Symphony Orchestra an emotive performance

This past Sunday afternoon, students, faculty and community members gathered in Wadsworth Auditorium for a skilled performance by the Geneseo Symphony Orchestra.

The concert was conducted by School of the Arts professor James Walker and consisted of two pieces: Antonin Dvorak's Symphony No. 8 in G Major Op. 88 and Modest Mussorgsky's Pictures at an Exhibition.

According to the concert program, the Dvorak piece, composed in 1889, follows, "…the typical exposition-development-recapitulation first movement, slow second movement, waltz-like third movement, and theme and variations fourth movement."

Indeed, this description of the first movement, "allegro con brio," was wholly accurate; it featured a slow beginning followed by a skilled explosion of sound, leading to a period of tension, and finally returning to its former slow and powerful mood.

The second and third movements ("adagio" and "allegretto grazioso," respectively), likewise held true to their summaries; "adagio" was a calm and emotional segment and "allegretto" was more dance-like and flowing. Finally, "allegro ma non troppo" was the most energetic of the four movements, quickly changing over from a low and quiet beginning to a dramatic and powerful finish. The orchestra concluded the first segment of the concert to rounds of applause from the audience.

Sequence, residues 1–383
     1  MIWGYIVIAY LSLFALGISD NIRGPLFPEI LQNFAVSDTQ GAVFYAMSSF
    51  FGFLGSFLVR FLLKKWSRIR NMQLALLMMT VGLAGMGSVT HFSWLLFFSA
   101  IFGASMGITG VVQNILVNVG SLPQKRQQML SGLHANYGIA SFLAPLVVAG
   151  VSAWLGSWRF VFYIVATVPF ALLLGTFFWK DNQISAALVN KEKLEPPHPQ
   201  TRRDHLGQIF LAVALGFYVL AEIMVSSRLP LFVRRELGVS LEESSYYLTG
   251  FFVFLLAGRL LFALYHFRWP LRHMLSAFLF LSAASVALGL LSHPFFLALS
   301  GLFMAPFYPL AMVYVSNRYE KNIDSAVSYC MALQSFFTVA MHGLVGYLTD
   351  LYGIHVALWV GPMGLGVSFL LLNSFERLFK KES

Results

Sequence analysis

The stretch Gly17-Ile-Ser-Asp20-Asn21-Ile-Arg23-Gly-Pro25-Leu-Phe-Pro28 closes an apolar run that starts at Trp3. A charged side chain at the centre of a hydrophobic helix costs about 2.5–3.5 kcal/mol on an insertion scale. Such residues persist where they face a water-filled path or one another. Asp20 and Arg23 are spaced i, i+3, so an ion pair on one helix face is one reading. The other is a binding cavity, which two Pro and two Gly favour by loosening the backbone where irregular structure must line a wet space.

After the brief intermission, the orchestra then commenced the Mussorgsky piece, a lengthy composition made up of 11 different movements as well as an initial promenade. Pictures at an Exhibition, according to the concert program, was written in the late 19th century as a dedication to the composer's recently deceased friend, artist Victor Hartmann. Each movement is a musical description of one of Hartmann's works, and is titled as such.

The Symphony Orchestra did an excellent job of capturing its varying emotions and images, from light and energetic segments like "The Old Castle," to dark and foreboding pieces like "The Hut of Baba Yaga." The concert concluded with the triumphant "Great Gate at Kiev," which the program accurately described as "…the capstone of [Mussorgsky's] memorial tribute." As the show ended, the audience congratulated the orchestra with a standing ovation.

The concert was very well performed by the Symphony Orchestra, though at times the lengths of its two pieces made the show feel somewhat drawn out. The schedule for upcoming School of the Arts events can be found at